No association between N7-methyldeoxyguanosine and 8-oxodeoxyguanosine levels in human lymphocyte DNA.

2.50
Hdl Handle:
http://hdl.handle.net/10541/73114
Title:
No association between N7-methyldeoxyguanosine and 8-oxodeoxyguanosine levels in human lymphocyte DNA.
Authors:
Harrison, Kathryn L; Crosbie, Philip A J; Agius, Raymond M; Barber, Philip V; Carus, Mark; Margison, Geoffrey P; Povey, Andrew C
Abstract:
To examine associations between two different classes of DNA damage that can occur through endogenous processes or exogenous exposures such as smoking, N7-methyldeoxyguanosine (N7-MedG) and 8-oxodeoxyguanosine (8-oxodG) levels were measured in lymphocyte DNA from 22 bronchoscopy patients. 8-OxodG and N7-MedG was detected in 100% and 91% of samples, respectively with 8-oxodG levels being approx 20 times higher (mean 8.39+/-3.578-oxodG/10(6)dG versus 0.41+/-0.33 N7-MedG/10(6) dG) which provides an indication of the relative importance of the agents that induce oxidative DNA damage or alkylation damage. The sources of these genotoxic lesions remain to be established but N7-MedG and 8-oxodG levels were not correlated (r(2)<0.01) suggesting that there is no association between alkylating agent and reactive oxygen species exposure, their metabolism and/or the DNA repair processes that can remove this DNA damage.
Affiliation:
Centre for Occupational and Environmental Health, Division of Epidemiology and Health Sciences, Medical School, University of Manchester, Oxford Road, Manchester, M13 9PT, UK.
Citation:
No association between N7-methyldeoxyguanosine and 8-oxodeoxyguanosine levels in human lymphocyte DNA. 2006, 600 (1-2):125-30 Mutat. Res.
Journal:
Mutation Research
Issue Date:
30-Aug-2006
URI:
http://hdl.handle.net/10541/73114
DOI:
10.1016/j.mrfmmm.2006.03.005
PubMed ID:
16765387
Type:
Article
Language:
en
ISSN:
0027-5107
Appears in Collections:
All Paterson Institute for Cancer Research

Full metadata record

DC FieldValue Language
dc.contributor.authorHarrison, Kathryn L-
dc.contributor.authorCrosbie, Philip A J-
dc.contributor.authorAgius, Raymond M-
dc.contributor.authorBarber, Philip V-
dc.contributor.authorCarus, Mark-
dc.contributor.authorMargison, Geoffrey P-
dc.contributor.authorPovey, Andrew C-
dc.date.accessioned2009-07-09T12:14:40Z-
dc.date.available2009-07-09T12:14:40Z-
dc.date.issued2006-08-30-
dc.identifier.citationNo association between N7-methyldeoxyguanosine and 8-oxodeoxyguanosine levels in human lymphocyte DNA. 2006, 600 (1-2):125-30 Mutat. Res.en
dc.identifier.issn0027-5107-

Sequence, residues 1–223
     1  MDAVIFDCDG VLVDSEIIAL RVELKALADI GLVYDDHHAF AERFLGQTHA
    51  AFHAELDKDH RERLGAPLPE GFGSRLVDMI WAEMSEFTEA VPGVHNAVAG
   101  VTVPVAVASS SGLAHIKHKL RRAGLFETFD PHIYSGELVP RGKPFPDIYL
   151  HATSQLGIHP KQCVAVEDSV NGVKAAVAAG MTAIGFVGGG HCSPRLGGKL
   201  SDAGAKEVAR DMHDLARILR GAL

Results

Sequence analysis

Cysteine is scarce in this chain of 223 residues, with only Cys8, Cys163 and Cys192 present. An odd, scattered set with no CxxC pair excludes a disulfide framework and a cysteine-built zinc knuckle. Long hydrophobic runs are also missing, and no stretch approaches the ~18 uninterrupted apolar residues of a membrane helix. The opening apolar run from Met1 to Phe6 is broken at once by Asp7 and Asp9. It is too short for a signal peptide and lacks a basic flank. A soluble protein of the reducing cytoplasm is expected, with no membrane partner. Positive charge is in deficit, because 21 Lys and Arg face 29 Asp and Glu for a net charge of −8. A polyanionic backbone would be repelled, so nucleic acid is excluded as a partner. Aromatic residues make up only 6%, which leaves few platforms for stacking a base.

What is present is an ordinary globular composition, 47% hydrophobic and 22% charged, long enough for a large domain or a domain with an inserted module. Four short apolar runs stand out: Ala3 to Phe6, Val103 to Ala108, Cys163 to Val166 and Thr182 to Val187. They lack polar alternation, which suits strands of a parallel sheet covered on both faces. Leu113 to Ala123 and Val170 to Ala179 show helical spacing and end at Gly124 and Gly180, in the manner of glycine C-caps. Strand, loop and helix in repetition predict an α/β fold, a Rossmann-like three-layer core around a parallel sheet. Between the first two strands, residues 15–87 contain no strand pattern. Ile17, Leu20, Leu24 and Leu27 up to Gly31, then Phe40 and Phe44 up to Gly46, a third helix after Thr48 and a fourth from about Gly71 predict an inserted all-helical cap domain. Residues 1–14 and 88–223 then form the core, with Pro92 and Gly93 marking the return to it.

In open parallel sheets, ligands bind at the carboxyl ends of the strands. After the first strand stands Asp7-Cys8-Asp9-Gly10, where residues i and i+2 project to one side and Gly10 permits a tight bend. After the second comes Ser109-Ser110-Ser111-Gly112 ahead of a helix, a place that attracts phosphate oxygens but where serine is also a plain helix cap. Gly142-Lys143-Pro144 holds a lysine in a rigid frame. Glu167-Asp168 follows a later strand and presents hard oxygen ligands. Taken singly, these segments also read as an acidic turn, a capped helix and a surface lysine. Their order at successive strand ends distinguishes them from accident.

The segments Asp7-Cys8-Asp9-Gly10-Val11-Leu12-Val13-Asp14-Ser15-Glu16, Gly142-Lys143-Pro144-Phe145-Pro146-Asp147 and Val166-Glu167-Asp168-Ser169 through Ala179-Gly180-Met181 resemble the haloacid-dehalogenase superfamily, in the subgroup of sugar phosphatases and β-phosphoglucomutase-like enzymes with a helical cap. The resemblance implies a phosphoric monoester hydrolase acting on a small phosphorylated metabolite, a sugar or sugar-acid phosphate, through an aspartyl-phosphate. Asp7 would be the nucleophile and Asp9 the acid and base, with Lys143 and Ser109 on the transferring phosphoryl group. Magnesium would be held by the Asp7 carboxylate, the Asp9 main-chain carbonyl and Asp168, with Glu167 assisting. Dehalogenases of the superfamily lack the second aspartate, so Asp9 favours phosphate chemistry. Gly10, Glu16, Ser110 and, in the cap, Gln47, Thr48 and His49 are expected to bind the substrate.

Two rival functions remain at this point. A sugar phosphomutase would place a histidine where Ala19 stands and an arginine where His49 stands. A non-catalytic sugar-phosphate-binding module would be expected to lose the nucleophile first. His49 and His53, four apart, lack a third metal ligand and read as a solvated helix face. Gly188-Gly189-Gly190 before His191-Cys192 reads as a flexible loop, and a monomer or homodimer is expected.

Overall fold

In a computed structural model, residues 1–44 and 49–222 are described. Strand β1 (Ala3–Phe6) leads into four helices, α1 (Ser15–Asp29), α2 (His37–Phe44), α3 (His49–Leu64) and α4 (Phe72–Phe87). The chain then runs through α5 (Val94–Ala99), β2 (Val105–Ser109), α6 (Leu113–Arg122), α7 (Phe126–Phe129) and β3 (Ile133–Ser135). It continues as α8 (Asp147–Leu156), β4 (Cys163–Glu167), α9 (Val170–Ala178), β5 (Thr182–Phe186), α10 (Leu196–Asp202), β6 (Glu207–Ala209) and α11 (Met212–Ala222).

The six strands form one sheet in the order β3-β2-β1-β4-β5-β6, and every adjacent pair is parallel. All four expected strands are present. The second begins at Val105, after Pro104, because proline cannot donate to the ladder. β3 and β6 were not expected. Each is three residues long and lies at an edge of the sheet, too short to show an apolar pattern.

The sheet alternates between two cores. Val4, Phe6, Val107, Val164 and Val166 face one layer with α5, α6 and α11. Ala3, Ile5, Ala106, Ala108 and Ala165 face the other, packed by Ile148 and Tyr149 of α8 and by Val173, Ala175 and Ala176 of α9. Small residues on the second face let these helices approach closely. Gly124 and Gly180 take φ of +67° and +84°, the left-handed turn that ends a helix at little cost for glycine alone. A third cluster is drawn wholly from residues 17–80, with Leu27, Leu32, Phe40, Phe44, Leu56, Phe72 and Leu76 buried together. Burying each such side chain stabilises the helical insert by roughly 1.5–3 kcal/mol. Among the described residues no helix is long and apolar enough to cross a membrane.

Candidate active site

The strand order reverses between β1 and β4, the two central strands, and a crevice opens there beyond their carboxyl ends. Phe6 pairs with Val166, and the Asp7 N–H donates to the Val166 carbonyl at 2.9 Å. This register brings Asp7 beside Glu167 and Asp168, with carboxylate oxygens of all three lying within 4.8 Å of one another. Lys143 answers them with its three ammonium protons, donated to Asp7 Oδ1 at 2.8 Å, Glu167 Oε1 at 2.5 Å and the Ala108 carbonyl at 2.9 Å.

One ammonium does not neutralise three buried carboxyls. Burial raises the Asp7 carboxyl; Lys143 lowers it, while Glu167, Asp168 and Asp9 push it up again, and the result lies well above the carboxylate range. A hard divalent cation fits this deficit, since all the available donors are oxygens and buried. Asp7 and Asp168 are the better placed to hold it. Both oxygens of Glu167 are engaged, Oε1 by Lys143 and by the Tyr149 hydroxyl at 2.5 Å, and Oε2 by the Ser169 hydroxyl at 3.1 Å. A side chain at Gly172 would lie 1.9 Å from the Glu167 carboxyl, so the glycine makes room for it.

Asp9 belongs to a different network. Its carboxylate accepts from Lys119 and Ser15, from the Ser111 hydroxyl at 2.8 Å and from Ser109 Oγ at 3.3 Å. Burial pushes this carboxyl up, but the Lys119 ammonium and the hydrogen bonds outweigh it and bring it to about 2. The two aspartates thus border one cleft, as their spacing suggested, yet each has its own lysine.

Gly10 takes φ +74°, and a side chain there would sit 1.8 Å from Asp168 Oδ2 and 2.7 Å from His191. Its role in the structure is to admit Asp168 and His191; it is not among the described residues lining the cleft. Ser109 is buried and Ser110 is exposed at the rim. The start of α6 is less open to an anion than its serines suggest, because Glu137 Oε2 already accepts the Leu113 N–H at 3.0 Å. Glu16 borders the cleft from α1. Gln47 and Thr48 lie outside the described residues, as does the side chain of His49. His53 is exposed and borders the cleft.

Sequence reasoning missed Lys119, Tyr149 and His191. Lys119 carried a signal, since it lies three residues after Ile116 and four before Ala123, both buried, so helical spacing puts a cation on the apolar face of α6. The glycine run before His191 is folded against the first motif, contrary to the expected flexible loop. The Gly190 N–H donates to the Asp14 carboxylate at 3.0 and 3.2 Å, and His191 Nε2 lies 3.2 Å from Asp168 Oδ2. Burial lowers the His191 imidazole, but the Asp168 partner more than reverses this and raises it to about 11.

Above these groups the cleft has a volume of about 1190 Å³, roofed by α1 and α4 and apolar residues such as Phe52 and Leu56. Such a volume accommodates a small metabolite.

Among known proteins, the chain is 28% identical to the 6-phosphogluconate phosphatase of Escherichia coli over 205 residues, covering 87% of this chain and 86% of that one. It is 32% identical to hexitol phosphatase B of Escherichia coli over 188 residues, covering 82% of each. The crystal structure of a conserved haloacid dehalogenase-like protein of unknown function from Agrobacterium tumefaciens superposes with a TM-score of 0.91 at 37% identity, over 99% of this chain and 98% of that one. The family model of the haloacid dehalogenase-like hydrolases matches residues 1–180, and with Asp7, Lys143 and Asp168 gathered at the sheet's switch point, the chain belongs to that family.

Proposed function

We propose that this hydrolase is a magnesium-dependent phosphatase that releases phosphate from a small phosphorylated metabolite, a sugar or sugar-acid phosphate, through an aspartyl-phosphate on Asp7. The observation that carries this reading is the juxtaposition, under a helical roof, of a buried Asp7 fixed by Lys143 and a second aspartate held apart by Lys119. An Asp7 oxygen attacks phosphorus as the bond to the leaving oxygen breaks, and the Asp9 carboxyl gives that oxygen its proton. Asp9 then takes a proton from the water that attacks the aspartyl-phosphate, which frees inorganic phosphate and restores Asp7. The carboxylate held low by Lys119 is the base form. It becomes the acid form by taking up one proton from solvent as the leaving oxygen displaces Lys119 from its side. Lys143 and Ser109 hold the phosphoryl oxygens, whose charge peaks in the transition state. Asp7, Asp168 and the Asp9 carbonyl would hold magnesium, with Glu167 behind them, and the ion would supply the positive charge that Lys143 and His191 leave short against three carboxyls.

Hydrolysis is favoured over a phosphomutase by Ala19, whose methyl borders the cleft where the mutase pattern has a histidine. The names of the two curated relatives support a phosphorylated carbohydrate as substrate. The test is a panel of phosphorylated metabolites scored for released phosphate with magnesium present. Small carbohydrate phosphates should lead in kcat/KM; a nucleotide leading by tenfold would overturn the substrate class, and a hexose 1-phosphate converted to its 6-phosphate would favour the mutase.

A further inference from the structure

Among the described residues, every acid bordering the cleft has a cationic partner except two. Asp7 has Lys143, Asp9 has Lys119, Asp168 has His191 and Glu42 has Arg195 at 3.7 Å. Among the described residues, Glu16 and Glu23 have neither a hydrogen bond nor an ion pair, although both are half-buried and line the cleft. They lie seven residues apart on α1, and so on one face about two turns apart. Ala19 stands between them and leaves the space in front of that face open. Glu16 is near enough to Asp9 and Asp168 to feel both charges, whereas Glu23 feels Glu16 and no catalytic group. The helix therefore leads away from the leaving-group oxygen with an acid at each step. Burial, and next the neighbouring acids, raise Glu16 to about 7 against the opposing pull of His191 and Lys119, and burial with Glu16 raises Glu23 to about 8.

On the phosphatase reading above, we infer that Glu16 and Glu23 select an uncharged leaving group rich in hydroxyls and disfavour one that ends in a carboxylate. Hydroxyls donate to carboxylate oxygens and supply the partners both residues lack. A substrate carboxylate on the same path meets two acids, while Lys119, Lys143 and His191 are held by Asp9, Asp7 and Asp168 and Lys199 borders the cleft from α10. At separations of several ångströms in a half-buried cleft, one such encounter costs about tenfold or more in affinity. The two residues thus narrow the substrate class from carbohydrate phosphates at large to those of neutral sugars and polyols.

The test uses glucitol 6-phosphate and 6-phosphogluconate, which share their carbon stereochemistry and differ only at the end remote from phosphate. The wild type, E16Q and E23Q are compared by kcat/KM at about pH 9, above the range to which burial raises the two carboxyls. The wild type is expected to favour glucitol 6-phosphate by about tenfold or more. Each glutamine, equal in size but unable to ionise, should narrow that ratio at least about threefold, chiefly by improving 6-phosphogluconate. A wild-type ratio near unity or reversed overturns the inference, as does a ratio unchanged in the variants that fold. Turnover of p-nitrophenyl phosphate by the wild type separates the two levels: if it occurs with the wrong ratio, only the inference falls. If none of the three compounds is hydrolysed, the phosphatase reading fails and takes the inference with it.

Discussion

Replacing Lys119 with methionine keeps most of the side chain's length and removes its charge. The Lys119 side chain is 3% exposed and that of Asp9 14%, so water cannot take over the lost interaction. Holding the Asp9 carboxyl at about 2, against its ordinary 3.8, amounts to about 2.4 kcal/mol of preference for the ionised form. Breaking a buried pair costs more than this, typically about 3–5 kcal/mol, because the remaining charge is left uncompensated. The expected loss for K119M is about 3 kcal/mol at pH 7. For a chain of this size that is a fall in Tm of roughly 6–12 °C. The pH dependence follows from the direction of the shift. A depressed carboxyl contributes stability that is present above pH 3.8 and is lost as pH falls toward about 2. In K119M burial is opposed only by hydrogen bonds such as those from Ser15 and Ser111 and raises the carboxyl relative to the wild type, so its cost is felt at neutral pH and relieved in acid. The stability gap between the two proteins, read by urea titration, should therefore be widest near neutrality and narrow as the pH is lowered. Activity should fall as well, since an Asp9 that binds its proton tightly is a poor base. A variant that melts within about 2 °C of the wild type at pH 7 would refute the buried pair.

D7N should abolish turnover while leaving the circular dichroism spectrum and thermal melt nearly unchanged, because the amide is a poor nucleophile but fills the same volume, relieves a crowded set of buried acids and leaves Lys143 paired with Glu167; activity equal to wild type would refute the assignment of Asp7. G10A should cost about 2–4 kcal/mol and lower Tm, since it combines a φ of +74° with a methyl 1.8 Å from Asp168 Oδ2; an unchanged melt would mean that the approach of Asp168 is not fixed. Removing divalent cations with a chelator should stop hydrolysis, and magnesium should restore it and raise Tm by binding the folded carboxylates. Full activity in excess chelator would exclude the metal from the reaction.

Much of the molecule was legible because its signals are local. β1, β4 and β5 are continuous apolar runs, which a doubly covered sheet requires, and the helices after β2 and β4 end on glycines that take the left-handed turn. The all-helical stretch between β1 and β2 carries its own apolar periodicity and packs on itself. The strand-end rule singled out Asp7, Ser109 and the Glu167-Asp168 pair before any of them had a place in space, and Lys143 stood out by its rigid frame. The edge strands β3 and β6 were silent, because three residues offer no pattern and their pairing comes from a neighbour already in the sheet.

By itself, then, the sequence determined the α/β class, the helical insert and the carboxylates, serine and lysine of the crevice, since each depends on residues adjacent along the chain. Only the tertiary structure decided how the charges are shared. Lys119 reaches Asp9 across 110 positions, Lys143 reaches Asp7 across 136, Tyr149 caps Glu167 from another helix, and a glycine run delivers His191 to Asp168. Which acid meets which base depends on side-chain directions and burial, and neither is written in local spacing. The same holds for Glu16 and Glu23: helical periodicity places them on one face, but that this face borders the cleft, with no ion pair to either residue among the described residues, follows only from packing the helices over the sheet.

dc.identifier.pmid16765387-
dc.identifier.doi10.1016/j.mrfmmm.2006.03.005-
dc.identifier.urihttp://hdl.handle.net/10541/73114-
dc.description.abstractTo examine associations between two different classes of DNA damage that can occur through endogenous processes or exogenous exposures such as smoking, N7-methyldeoxyguanosine (N7-MedG) and 8-oxodeoxyguanosine (8-oxodG) levels were measured in lymphocyte DNA from 22 bronchoscopy patients. 8-OxodG and N7-MedG was detected in 100% and 91% of samples, respectively with 8-oxodG levels being approx 20 times higher (mean 8.39+/-3.578-oxodG/10(6)dG versus 0.41+/-0.33 N7-MedG/10(6) dG) which provides an indication of the relative importance of the agents that induce oxidative DNA damage or alkylation damage. The sources of these genotoxic lesions remain to be established but N7-MedG and 8-oxodG levels were not correlated (r(2)<0.01) suggesting that there is no association between alkylating agent and reactive oxygen species exposure, their metabolism and/or the DNA repair processes that can remove this DNA damage.en
dc.language.isoenen
dc.subject.meshAged-
dc.subject.meshAged, 80 and over-
dc.subject.meshDNA-
dc.subject.meshDNA Damage-
dc.subject.meshDeoxyguanosine-
dc.subject.meshFemale-
dc.subject.meshHumans-
dc.subject.meshLymphocytes-
dc.subject.meshMale-
dc.subject.meshMiddle Aged-
dc.subject.meshSmoking-
dc.titleNo association between N7-methyldeoxyguanosine and 8-oxodeoxyguanosine levels in human lymphocyte DNA.en
dc.typeArticleen
dc.contributor.departmentCentre for Occupational and Environmental Health, Division of Epidemiology and Health Sciences, Medical School, University of Manchester, Oxford Road, Manchester, M13 9PT, UK.en
dc.identifier.journalMutation Researchen

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